Reduction in thrombus formation by placement of endovascular stents at endarterectomy sites in baboon carotid arteries.
BACKGROUND Although antithrombotic therapies with aspirin, dipyridamole, and heparin have decreased thrombo-occlusive events, they have not abolished these complications. Endovascular mechanical support, first reported by Dotter in 1969, has been proposed as a means to reduce both acute and chronic vessel closure by providing a supporting framework for the disrupted and sometimes dissected arterial wall.
METHODS AND RESULTS To determine the effects of placing self-expanding stainless steel wire endoprostheses on the accumulation of thrombus at sites of carotid artery endarterectomy we measured platelet deposition continuously for 90 minutes and at 24 and 48 hours by gamma camera imaging of autologous 111In-labeled platelets in six stented and nonstented endarterectomized baboons that received heparin but no antiplatelet agents. At nonstented endarterectomy sites 5.36 +/- 1.25 x 10(8), 4.78 +/- 0.98 x 10(8), and 4.55 +/- 0.81 x 10(8) platelets per cm were deposited at 30, 60, and 90 minutes, respectively. In contrast, stented endarterectomy sites accumulated 0.99 +/- 0.31 x 10(8), 0.66 +/- 0.33 x 10(8), and 0.80 +/- 0.36 x 10(8) platelets per cm at 30 minutes (p = 0.02), 60 minutes (p = 0.004), and 90 minutes (p = 0.002), respectively. Platelet deposition remained reduced at 24 and 48 hours in stented endarterectomized carotid arteries (ECAs) when assessed as a ratio between net radioactivity in the endarterectomized region versus whole blood radioactivity (p = 0.006 and p = 0.009, respectively). Both stented and nonstented ECAs remained patent acutely, although two of six nonstented ECAs occluded by 30 days. By comparison 11 of 14 nonstented ECAs remained patent in another group of control animals. Scanning electron microscopy of control and stented arteries at 30 days demonstrated equivalently confluent endothelium.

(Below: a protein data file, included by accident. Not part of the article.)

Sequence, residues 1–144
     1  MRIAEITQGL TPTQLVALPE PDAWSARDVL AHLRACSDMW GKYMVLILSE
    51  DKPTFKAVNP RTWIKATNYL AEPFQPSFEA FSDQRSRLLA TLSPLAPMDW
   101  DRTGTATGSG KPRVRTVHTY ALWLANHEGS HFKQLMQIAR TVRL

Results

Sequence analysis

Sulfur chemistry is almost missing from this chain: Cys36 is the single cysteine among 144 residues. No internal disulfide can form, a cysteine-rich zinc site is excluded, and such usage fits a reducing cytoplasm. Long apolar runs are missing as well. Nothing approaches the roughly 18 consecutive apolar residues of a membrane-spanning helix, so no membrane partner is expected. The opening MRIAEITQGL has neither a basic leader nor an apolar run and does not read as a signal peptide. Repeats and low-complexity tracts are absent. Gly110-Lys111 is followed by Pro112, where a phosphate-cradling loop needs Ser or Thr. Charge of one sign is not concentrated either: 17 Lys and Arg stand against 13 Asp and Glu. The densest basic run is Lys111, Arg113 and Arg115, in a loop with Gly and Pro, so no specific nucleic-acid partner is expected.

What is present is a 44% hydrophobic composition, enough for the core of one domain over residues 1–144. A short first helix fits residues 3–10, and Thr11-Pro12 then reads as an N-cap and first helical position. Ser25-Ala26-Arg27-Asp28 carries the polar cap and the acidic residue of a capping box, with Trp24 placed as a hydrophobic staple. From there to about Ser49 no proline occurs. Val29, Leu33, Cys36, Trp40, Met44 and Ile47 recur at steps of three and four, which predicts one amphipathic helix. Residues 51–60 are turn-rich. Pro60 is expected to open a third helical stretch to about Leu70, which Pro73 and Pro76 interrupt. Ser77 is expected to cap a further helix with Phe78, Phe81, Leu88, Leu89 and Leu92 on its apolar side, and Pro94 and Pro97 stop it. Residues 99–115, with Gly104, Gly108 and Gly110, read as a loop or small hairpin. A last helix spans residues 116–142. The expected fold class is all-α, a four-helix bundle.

CONCLUSIONS We postulate that endovascular stents reduce the thrombogenic effects of flap formation, tearing, dissection, and vasospasm in ECAs.
- Copyright © 1991 by American Heart Association